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Couple shares beauty of Natural Family Planning

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SAN DIEGO — While they were preparing for marriage, Erica and Chris Rossio dutifully attended Natural Family Planning (NFP) classes.

As practicing Catholics, they knew the Church considers artificial contraception to be gravely sinful. So, that was off the table. But they were also aware that the Church didn’t require them to leave future pregnancies entirely to chance.

NFP is a Church-approved approach to family planning that involves tracking the fertile and infertile phases in a woman’s menstrual cycle. It can be used either to achieve pregnancy or, if the couple has serious reasons for doing so, to avoid pregnancy.

Despite their commitment to practicing NFP, some methods of which purport to be around 99-percent effective, Erica and Chris were initially skeptical that it worked. But firsthand experience soon made believers out of them.

The couple successfully used NFP in the first few months of their marriage to avoid pregnancy. Then, changing tack and using it to conceive a child, they quickly found themselves expecting. They now have two daughters: 4-year-old Cecelia and 4-month-old Kolbe.

“Somebody needs to be talking about (NFP), shouting it from the rooftops,” said Erica, 32.

It was that conviction that inspired her and Chris, also 32, to become NFP instructors for the Diocese of San Diego about four years ago.

“I don’t think that we went through the (diocesan marriage preparation program) thinking, ‘Yeah, one day, we’re going to be those guys up there preaching this stuff,’” added Chris, who feels as if God “opened the door.”

The couple attends the diocesan Office for Family Life and Spirituality’s monthly “Celebrating Your Love” days, one-day retreats for engaged couples, which are offered as part of the diocesan marriage preparation program. There, the Rossios deliver a witness talk about NFP and lead a breakout session that serves as a basic introduction. Those couples interested in learning more are able to sign up with the Rossios for a series of classes that take place over the course of a year.

The bishops of the United States focus on this issue during Natural Family Planning Awareness Week, July 19 to 25, with an educational campaign organized to promote Catholic beliefs about human sexuality and conjugal love.

Since 2018, Erica also has served as director of Orchid Fertility & Wellness, a San Diego-based fertility care center, where her clients include many women hoping to overcome subfertility or infertility.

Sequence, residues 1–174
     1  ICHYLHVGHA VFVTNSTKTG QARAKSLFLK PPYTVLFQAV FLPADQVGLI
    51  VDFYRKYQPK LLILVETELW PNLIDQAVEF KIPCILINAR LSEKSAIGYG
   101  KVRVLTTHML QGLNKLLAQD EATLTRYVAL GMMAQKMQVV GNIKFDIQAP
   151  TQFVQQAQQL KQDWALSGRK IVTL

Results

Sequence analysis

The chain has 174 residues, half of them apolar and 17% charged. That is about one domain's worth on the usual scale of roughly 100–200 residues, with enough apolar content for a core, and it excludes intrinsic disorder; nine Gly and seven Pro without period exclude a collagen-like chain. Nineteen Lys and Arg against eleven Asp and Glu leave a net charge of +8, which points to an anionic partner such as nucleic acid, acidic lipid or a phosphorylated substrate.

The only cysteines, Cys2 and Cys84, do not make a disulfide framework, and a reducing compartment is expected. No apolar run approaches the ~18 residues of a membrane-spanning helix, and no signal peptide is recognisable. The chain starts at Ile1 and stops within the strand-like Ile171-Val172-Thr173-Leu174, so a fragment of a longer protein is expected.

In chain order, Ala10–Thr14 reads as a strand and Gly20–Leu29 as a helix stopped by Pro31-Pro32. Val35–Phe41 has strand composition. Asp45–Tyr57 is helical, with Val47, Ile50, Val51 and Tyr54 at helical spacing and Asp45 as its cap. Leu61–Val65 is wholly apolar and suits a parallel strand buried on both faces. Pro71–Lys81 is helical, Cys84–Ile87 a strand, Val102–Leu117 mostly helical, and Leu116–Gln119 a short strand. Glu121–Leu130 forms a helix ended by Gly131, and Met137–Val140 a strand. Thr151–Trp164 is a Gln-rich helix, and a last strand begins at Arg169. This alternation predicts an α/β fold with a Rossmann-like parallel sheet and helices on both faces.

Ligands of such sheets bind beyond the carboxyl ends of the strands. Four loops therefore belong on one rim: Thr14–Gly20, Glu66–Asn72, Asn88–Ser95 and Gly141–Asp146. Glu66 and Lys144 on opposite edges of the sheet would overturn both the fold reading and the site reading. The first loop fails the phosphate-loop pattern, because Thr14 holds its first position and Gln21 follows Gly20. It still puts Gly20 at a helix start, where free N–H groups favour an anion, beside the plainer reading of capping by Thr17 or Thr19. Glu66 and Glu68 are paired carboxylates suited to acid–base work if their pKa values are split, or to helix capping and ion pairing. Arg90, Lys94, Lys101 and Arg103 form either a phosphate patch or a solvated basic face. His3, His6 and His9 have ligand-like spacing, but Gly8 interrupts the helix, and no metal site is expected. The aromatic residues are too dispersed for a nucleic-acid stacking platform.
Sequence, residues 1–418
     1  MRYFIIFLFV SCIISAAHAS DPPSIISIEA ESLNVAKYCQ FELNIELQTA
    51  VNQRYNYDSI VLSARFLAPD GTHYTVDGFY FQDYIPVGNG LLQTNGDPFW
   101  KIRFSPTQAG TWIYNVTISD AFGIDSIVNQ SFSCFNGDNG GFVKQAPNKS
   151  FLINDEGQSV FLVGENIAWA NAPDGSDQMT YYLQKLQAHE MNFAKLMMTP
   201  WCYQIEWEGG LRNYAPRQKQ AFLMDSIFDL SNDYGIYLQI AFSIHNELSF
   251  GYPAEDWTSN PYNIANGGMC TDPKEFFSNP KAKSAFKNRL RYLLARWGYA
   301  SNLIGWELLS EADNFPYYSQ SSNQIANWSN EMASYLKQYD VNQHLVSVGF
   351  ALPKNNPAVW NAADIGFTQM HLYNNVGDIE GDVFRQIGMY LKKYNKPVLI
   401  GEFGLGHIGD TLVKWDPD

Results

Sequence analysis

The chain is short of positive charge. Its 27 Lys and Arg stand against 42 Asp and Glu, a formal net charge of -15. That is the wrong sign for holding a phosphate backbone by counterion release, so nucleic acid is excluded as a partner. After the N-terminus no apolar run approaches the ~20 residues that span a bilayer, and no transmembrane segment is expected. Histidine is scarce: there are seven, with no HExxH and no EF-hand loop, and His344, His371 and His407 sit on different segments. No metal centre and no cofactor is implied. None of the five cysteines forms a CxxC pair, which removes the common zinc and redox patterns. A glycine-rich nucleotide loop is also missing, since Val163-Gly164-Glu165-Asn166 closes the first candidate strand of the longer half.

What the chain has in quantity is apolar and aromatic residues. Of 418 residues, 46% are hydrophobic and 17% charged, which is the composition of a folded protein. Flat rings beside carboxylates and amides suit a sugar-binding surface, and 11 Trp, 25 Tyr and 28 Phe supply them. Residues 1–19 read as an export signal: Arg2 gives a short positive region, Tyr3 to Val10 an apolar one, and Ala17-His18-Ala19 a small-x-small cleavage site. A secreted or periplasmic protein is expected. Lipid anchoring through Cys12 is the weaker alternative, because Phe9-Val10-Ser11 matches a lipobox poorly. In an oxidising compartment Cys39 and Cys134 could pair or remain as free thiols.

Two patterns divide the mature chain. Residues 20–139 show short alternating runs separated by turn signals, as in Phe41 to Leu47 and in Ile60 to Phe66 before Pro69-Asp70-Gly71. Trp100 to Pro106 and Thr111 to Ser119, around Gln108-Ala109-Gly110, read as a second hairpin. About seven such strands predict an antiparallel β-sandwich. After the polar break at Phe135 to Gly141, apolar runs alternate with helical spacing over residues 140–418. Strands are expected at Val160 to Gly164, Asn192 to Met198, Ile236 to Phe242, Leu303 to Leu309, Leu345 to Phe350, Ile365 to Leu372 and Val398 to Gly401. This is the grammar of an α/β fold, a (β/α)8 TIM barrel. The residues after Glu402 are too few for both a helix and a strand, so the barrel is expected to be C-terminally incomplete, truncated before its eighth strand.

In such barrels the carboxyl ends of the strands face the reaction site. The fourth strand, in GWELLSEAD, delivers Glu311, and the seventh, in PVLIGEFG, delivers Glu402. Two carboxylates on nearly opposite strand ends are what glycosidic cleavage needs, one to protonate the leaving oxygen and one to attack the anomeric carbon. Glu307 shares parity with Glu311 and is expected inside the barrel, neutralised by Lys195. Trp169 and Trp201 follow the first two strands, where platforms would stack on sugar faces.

John Prust, director of the Office for Family Life and Spirituality, said the diocese is “so blessed” to have NFP presenters like the Rossios.

“Engaged couples are excited to learn about anything and everything that might strengthen and support their marriage, and that is the lens through which we present the topic of NFP, or fertility awareness,” said Prust. “Chris and Erica do a wonderful job of presenting, from the perspective of their own personal journey, how NFP can be used both to achieve and abstain from pregnancy, how it can help a couple learn to be intimate with each other outside sexual intercourse, and how it can promote healthy dialogue in the area of sexuality.”

There are various contemporary methods of NFP, each of which relies on observation of a specific biomarker in the female body to pinpoint her fertile and infertile phases each month.

“Most people don’t understand that you actually can only get pregnant on certain days of the month,” said Erica, who explained that biomarkers help couples determine their “true windows of fertility.”

For example, in the Creighton Model FertilityCare System – the NFP method that the Rossios teach – cervical mucus serves as the biomarker. In other methods, basal body temperature and hormone levels serve as additional biomarkers.

Chris acknowledged that it might feel “a little uncomfortable” in the beginning. But once a couple succeeds in talking about such an awkward topic, it makes other difficult topics – from finances, to in-laws, to pet peeves about one another, to deeper discussions about how they can grow as a couple – easier, too.

Erica agreed, adding, “Nothing’s really off limits” conversationally after NFP.

When a couple is seeking to avoid pregnancy, that means abstaining from sex during periods of fertility. Spouses will have to exercise self-control, sacrifice instant gratification, and find alternative ways of demonstrating their love to one another. And hand in hand with the monitoring of biomarkers comes ongoing reflection on God’s will for their marriage.

“What makes it great is that it gives couples an opportunity to discern every single month what God is calling them to, as far as their family size, but then also it requires … this ongoing conversation,” Chris said.

“It’s really more than how to conceive a child,” he said. “It’s more how to conceive a virtuous and holy marriage.”

A list of Natural Family Planning “ambassadors” in the diocese is available online.

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